D. A. Carson is one of the most respected New Testament scholars in the world. But how does he study the Bible for his personal devotions? In this excerpt from Bible Study Magazine, Carson opens up on his prayer life, private study of God’s Word, and the importance of approaching Scripture with awe and reverence.
When spending time in the Word of God and doing personal devotions, Carson seeks a blend of devotional reflection and serious study:
It’s important to read the Bible regularly, faithfully, and devotionally. I’m a bit suspicious of an approach that advises people to think critically and academically only when they’re preparing a message or doing exegesis, but when reading devotionally to do so without taking notes or consulting a commentary—just to sit there feeling mystical. That’s a mistake.
Personal Bible reading ought to have oomph to it. If you don’t understand something, there’s nothing wrong with taking a commentary off your shelf so that you can understand the passage better. Likewise, if you’re preparing a message, there’s something wrong with a study so detailed and structured that it doesn’t include an element of reverence and fear. According to the prophet Isaiah, in Isaiah 66:2, God looks to those who are contrite and humble of spirit, and who tremble at his Word. Whether you’re writing a commentary or having your morning devotions, you ought to have the sort of reverence that is always God’s due.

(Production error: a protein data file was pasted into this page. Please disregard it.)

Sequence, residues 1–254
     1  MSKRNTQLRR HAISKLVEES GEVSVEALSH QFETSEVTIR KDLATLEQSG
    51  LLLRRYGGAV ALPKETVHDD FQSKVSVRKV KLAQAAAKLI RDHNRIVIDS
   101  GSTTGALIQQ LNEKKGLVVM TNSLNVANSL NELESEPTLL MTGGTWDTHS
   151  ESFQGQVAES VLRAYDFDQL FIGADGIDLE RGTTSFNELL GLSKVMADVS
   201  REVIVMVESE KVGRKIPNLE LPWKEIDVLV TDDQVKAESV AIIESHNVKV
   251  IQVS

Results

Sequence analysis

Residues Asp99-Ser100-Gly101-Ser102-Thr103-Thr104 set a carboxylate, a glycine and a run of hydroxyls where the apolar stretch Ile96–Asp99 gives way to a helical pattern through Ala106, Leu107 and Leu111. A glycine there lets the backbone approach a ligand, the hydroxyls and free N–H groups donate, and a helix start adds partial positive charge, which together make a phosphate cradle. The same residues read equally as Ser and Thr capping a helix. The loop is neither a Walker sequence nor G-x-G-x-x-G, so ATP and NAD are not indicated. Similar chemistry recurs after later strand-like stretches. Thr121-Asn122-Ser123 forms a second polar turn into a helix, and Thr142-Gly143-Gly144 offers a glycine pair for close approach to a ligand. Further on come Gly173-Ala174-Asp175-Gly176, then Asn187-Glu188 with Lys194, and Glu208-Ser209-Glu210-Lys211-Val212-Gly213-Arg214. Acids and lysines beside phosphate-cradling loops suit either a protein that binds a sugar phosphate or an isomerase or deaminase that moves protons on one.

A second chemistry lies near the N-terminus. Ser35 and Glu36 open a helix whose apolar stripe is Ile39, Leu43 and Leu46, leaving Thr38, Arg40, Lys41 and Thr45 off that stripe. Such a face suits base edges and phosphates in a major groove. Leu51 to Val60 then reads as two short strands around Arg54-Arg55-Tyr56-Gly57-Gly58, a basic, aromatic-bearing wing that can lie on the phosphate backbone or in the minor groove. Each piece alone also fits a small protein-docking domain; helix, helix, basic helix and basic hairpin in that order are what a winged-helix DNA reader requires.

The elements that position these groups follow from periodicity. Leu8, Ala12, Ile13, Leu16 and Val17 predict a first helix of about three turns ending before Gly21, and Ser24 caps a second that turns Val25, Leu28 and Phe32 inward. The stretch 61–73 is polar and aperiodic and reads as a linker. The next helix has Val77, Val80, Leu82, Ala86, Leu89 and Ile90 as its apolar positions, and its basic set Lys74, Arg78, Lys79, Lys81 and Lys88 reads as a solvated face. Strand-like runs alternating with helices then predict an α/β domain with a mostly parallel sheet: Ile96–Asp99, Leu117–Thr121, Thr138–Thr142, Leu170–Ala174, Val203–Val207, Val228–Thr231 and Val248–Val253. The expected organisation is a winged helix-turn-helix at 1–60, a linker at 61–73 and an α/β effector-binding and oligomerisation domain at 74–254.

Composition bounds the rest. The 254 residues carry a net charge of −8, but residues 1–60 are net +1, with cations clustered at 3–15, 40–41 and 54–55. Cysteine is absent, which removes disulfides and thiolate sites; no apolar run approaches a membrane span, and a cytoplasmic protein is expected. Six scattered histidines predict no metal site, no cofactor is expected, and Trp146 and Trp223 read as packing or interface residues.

In his own devotional life, Carson says he’s never restricted himself to one way of doing things.
John Stott famously followed the Robert Murray M’Cheyne Bible-reading scheme for the whole of his Christian walk. For quite a few years I strenuously followed it, and two of my books—volumes one and two of For the Love of God—came out of that time. Sometimes I use a portion of my devotional time to memorize a chunk of Scripture—a chapter or several chapters or a small book. A while ago I read and reread Proverbs, and collected them into various topical arrays so I could see what kind of emphases were there.
In one of Carson’s publications, Praying with Paul, he talks about his habit of making lists for prayer. Praying with Paul aims to deepen readers’ relationship with the Word of God in their prayer lives.
I wanted to address a fairly simple question: How do we learn to pray? We learn by the models around us. In my conservative family home, using the King James Bible, I learned to pray in Elizabethan English, or in slightly archaic French. Someone who is converted at a campus group meeting at age 23 with no Christian background will probably learn to pray less formally. But where are the best models from which we can learn? They are the prayers that God himself has left for us in Scripture.
Praying with Paul fastens on eight or ten of Paul’s prayers to see not only what he is praying, but also why.
Are there patterns in the things that he’s praying for? There’s nothing wrong with praying about anything, but if we want to reform our prayers to be more in line with those of the apostles, we need to study the apostles’ prayers. I hope that, in working through the book, readers will learn to pray the prayers of the apostles in their own context.
Explore D. A. Carson’s Praying with Paul today.